A Quick Guide to Buying Kitchen Knives

A Quick Guide to Buying Kitchen Knives

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Kitchen knives are perhaps the most useful tool in your culinary arsenal, but they can also be a fairly significant investment, so it’s important that your set contains the right knives for you, and that you’re not wasting money on ones which you’re never going to use.

Here are some of the various types of kitchen knife, some of which are absolute essentials, while others will only be used for more specialised tasks.

You should also check out this illustrated guide from Craftsy which will give you a better visual idea of the types of knives that are available.

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Chef’s Knife

Also known as a cook’s knife, this is the bread and butter of your knife collection and the one which you’ll be getting the most use out of.

It’s a large knife which can be used for a number of tasks, including preparing meat and vegetables, as well as finely chopping herbs.

This is probably the knife you’ll be getting the most use out of, so it’s ok to spend a little extra money on it, although they come in all kinds of shapes and sizes, so be sure to find one which feels comfortable to use.

Vegetable Knife

This much smaller knife is used for more intricate preparation (usually of vegetables, as the name suggests), such as taking the seeds out of peppers and chillies, taking the stalks off carrots and coring fruit.

Essentially, you can use a vegetable knife (also known as a paring knife) for any tasks where you’ll be cutting the item in your hand, rather than on a chopping board.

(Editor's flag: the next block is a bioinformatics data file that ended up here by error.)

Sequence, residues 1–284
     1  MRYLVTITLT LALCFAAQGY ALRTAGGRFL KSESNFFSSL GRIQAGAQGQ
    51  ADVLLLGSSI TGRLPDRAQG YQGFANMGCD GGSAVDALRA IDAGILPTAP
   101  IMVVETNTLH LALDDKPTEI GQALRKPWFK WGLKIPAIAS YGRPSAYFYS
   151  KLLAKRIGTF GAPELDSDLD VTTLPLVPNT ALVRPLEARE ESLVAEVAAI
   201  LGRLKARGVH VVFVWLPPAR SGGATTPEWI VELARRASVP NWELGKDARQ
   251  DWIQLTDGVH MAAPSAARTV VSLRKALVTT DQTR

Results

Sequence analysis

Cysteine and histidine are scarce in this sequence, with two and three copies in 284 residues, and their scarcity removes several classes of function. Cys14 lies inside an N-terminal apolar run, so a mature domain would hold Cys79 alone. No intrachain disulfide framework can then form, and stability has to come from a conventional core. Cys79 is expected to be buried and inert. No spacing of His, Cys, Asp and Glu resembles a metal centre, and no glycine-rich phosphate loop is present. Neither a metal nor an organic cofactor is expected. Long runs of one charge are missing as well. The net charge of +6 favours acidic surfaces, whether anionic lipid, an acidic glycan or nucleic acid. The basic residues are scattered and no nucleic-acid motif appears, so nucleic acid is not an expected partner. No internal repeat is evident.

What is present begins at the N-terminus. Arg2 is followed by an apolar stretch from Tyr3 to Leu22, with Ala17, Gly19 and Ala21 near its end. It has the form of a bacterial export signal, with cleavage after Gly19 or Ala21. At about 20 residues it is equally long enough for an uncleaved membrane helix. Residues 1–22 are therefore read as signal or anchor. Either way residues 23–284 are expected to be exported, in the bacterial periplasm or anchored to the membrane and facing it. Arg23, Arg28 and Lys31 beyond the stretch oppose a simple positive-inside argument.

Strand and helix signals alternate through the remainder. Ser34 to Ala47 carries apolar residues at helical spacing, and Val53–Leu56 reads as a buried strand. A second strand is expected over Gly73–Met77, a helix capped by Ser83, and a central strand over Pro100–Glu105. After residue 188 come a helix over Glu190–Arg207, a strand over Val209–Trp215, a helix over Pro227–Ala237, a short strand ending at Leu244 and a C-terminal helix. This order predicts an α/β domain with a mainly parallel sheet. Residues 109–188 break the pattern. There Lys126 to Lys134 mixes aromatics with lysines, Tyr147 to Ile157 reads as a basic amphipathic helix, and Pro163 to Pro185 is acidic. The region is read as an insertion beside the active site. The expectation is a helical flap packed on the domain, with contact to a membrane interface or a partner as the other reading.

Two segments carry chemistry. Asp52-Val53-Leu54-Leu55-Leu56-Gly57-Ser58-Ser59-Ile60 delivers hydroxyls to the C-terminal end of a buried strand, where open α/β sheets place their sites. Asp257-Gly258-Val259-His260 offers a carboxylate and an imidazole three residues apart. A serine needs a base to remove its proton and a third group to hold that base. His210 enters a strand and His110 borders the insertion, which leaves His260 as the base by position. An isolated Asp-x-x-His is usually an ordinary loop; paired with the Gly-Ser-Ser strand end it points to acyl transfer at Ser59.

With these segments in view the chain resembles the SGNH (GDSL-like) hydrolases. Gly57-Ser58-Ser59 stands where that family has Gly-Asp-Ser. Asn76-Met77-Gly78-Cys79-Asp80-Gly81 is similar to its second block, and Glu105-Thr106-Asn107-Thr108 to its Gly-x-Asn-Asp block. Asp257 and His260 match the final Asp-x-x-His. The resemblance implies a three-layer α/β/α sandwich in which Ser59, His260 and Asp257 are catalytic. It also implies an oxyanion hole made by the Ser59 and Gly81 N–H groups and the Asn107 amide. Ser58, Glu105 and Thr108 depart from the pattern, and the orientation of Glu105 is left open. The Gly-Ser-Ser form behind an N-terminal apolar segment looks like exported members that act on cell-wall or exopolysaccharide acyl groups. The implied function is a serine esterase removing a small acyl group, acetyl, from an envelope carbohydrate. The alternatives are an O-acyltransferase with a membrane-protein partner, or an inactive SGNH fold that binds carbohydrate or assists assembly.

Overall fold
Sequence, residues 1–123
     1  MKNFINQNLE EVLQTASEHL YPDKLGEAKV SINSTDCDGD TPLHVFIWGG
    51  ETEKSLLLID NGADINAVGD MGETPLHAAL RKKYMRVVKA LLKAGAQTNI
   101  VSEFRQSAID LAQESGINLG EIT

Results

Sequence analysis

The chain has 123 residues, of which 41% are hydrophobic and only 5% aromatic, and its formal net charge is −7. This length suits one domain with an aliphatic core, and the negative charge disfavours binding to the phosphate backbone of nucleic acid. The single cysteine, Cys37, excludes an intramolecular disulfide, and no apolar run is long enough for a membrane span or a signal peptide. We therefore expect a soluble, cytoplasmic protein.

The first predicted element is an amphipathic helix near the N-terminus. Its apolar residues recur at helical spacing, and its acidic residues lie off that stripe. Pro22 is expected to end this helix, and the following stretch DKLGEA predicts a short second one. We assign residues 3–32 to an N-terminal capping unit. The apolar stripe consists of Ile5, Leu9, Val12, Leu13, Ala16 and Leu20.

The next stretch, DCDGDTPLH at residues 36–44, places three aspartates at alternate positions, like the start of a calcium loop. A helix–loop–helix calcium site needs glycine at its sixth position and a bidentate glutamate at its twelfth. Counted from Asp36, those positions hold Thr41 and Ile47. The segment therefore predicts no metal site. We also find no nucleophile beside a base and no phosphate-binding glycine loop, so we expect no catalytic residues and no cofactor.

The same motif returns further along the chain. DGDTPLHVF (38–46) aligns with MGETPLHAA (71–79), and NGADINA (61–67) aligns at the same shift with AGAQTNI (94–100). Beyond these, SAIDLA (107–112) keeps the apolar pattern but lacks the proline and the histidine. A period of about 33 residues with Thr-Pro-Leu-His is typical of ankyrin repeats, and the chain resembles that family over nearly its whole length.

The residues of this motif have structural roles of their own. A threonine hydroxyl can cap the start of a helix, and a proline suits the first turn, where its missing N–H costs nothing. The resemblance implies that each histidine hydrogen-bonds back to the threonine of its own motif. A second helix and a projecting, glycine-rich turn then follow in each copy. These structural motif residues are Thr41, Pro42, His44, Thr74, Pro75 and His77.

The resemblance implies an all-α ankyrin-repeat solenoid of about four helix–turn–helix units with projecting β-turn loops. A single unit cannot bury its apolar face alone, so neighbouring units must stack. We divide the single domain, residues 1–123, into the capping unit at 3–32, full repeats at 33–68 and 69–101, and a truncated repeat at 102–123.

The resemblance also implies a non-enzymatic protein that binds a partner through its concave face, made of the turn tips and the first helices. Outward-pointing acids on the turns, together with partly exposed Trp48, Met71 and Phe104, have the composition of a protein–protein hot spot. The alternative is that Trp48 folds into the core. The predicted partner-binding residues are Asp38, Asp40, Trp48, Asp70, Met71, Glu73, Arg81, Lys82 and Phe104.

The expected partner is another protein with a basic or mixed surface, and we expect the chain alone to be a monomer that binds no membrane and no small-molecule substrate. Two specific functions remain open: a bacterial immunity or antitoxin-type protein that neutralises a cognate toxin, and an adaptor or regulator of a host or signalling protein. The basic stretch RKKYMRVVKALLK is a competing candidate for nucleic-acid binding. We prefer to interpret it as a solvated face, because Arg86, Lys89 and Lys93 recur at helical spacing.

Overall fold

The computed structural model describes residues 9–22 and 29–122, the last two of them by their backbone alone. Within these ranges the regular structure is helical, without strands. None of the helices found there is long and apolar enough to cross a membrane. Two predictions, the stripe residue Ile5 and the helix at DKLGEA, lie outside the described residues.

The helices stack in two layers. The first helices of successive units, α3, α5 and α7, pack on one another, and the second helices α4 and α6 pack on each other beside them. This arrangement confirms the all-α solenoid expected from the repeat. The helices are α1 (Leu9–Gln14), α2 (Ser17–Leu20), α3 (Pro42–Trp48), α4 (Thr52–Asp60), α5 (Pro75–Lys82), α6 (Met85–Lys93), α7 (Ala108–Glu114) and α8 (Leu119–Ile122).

Serrated Knife

A serrated edge means that a knife will grip as it slices, which is great for prepping tougher vegetables (it’s sometimes known as a tomato knife).

They also come in handy for peeling citrus fruits and could be used as a substitute for a bread knife If you don’t want to have one of each. A great bonus with serrated knives is that they don’t ever have to be sharpened either!

Bread Knife

Similar to the serrated knife, these knives are used for slicing through loaves of bread (and cakes too!), but with a longer blade, effectively slicing through the loaf without squashing the crumb.

Boning Knife

Not for everyone, but if you are planning on preparing your own meat at home, fresh off the bone, then you’ll want one of these smaller, dagger-shaped knives.

They’re used for cutting through ligaments and connective tissue and removing meat from the bones, so not for the squeamish!

Filleting Knife

Again, not everybody will be filleting their own fish at home, but if you do you’ll want one of these flexible knives, which makes the job a lot easier.

There’s a lot of technique when it comes to filleting a fish though, so you might want to check out a guide such as this one from BBC Good Food or watch some YouTube videos!

Carving Knife

Not quite the staple they used to be in British households, but if your family still sit down to a Sunday roast, then you’ll probably want a carving knife and fork. The long, thin blade makes it easy to give nice, even slices of your meat of choice.

Santoku/Japanese Knives

Japanese knives are becoming more popular in Western households, even if you don’t particularly eat a lot of Asian cuisine at home.
What sets them apart is that they have a blunt end, as well as small holes or dimples on the blade which are designed to stop your food from sticking to it as you cut.

Now that you know a couple of the main kinds of knives out there, it’s time to start looking for the ones for your kitchen.

When it comes to making your choice, one last thing to remember is the type of metal used in the knives.

According to Kitchen Knives, while stainless steel knives will be the cheapest, that’s because they’re also the most prone to damage and will require regular sharpening.

Instead, they recommend looking for carbon steel knives which are a lot harder and easier to maintain.